How is Your Libido?
Seriously, how is your sex life living with chronic hep C? This is a subject that can raise a few giggles I know, but It can be a serious issue for people living with a chronic illness, and hepatitis c is no exception.
Sex is a part of life. I am not fixated on this being the most important issue facing people living with hep c, and there are many, but it is something I often hear questions about in my work with community.
Is it risky to have sex with hep c?
The most common things I hear on the subject are about getting or giving hep c to a partner through sex. This can drive a wedge in personal relationships if there is an unwillingness to learn about any risks, talk about it or seek help from a good therapist or counsellor. Just to be clear I am not a sex therapist or a qualified counsellor on the subject. Most of the questions and inquiries about transmission are coming from younger people, but not exclusively, with libido concerns being more common in the older adult group.
Questions about libido
One could suggest that libido is commonly diminished with age, even in the general population living free of hep c. This is accurate to some extent, but does not explain or diminish the very real concerns that people express. As I am aware, many people maintain a healthy appetite for intimacy throughout their life. This is not to say that desire for intimacy will not ebb and flow as a part of a healthy life free of disease or illness. The question is whether your own hep c journey has caused your libido or that of your partner to be diminished.
A few years ago I conducted an informal survey with a group of people with lived experience. The group was made up of people who had never treated, and those who had treated previously, and people with cirrhosis. Some were SVR, and generally speaking it was a cross-section of the population affected. The majority of people responded with a yes in respect to my asking if they felt their libido had been impacted by living with hep c and from, or during treatment. Some were candid about how they were affected, and the dialogue was healthy in my view.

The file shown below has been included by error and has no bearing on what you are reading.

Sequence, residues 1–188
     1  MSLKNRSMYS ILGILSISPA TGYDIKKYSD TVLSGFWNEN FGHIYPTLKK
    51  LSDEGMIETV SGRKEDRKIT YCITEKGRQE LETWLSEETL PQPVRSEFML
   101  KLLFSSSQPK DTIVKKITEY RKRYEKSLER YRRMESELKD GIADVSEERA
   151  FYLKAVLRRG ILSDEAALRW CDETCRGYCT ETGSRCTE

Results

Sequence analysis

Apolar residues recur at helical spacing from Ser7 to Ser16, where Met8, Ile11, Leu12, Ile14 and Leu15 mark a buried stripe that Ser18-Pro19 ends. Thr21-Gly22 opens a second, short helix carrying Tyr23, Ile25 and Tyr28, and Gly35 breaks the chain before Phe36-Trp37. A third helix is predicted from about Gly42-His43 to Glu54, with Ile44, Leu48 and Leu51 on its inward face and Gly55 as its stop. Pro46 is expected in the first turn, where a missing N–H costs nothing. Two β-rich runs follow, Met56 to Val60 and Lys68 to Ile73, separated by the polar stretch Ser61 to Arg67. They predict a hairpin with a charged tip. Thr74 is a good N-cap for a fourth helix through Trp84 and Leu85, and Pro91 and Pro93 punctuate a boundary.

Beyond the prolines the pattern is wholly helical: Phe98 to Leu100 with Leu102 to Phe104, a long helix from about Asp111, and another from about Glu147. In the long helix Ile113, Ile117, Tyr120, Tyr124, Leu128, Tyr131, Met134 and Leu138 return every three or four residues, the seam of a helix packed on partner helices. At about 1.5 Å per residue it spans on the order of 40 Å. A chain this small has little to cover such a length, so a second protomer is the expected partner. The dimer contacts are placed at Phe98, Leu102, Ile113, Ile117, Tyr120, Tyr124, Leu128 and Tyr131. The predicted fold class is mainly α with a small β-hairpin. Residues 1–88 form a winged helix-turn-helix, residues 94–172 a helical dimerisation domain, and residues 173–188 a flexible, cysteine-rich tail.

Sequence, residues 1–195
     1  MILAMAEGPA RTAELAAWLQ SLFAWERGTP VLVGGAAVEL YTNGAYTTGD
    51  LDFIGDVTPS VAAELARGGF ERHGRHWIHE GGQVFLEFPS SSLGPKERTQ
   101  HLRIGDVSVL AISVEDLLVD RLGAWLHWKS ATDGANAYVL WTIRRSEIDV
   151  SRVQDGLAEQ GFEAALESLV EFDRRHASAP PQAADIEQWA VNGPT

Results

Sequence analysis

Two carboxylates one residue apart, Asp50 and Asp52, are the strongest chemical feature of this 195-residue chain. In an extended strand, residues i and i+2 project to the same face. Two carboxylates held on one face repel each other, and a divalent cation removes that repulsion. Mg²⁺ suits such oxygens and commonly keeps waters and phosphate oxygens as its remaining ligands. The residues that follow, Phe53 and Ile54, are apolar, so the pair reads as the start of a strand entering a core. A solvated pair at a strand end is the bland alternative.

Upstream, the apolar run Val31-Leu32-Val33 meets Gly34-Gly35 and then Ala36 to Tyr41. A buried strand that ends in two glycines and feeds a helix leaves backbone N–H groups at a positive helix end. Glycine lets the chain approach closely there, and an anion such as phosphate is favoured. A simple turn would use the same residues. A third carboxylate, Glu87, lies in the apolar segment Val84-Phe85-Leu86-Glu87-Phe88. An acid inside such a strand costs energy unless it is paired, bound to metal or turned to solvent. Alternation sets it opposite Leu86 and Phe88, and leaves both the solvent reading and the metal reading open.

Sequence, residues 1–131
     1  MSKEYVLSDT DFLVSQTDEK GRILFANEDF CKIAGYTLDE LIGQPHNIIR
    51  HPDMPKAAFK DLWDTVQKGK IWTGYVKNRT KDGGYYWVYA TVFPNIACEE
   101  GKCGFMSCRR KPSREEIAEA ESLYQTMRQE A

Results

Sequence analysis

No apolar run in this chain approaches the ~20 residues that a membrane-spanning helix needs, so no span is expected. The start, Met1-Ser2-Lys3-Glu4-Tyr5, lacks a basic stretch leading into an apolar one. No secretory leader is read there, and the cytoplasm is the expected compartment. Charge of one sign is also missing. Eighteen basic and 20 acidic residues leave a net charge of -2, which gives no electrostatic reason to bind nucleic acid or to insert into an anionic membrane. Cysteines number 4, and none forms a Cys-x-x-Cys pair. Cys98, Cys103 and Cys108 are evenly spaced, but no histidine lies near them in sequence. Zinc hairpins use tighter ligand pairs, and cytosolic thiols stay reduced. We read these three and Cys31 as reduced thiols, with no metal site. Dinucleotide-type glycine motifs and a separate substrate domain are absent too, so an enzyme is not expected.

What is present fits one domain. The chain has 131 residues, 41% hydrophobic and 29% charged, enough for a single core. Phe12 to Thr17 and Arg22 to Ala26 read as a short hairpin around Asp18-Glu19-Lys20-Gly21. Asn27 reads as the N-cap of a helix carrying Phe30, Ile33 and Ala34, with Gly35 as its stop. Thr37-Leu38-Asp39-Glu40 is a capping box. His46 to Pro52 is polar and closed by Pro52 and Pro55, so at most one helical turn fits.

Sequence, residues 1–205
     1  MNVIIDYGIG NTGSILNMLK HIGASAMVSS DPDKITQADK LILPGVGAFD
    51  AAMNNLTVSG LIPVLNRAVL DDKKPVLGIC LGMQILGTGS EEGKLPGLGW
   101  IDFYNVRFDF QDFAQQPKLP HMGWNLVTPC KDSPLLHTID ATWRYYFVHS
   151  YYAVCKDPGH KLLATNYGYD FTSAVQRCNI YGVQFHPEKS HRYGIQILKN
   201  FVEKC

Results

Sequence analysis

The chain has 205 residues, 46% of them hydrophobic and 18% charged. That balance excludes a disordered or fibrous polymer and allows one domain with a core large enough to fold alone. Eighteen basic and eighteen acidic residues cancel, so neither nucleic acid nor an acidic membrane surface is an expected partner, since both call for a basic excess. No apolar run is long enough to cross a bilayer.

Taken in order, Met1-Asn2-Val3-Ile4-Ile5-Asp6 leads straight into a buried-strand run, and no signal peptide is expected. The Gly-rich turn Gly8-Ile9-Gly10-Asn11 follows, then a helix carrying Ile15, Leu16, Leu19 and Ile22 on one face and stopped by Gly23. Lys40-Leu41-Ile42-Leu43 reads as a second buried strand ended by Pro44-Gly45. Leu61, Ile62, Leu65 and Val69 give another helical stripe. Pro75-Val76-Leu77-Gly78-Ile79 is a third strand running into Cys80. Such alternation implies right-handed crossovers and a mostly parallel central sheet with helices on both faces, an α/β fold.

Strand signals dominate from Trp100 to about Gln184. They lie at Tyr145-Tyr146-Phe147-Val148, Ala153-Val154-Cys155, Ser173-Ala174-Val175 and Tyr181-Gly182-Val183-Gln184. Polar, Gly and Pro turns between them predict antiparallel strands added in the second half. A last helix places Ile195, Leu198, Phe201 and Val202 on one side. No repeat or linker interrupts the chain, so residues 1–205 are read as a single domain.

Possibilities for improvement
The comments were from the full range as one might suspect. In general people experienced a decrease in interest in the time before treatment, as their symptoms worsened-if they did-during and after treatment. In most people who had treated in their past and were cured, they saw an improvement in their drive over time.
New therapies promise greater cure rates and shorter duration of treatment. Newer drugs may see fewer post treatment issues like we saw with peg-interferon, but there have been anecdotal reports of some post-treatment concerns. To my knowledge at this time, there is no good data to support any long-term adverse health conditions. I am not suggesting for a New York second that one should ever avoid a cure! As someone who treated some year’s back – 5 years ago, I understand the desire and need for being hep c free. I am myself cured and regret nothing about my own choices around treatment.
Thinking about the whole person
We all share a common goal. To be well and to have the best possible quality of life. This includes our sexual health, as much as it includes our other measures of good health. No one piece is more important, except to the individual, and we are all individuals. Dialogue is key to understanding, just as much as science is important to learning and knowledge.
Keeping the lines of communication open between affected persons is one way that can help, and I am of the opinion that there is no absolute answer or piece of the puzzle that unlocks the door to a perfect outcome, regardless of the topic. Reading, sharing, and if it works in your world, engaging a qualified therapist, but there is no one truth that fits us all.
Don’t give up, there is always hope.
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